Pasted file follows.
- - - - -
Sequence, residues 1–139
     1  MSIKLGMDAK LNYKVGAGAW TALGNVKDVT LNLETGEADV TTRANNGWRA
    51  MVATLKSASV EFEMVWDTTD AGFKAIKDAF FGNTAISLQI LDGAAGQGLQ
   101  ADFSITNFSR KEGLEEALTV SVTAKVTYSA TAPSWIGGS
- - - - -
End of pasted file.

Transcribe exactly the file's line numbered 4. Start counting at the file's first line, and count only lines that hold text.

   101  ADFSITNFSR KEGLEEALTV SVTAKVTYSA TAPSWIGGS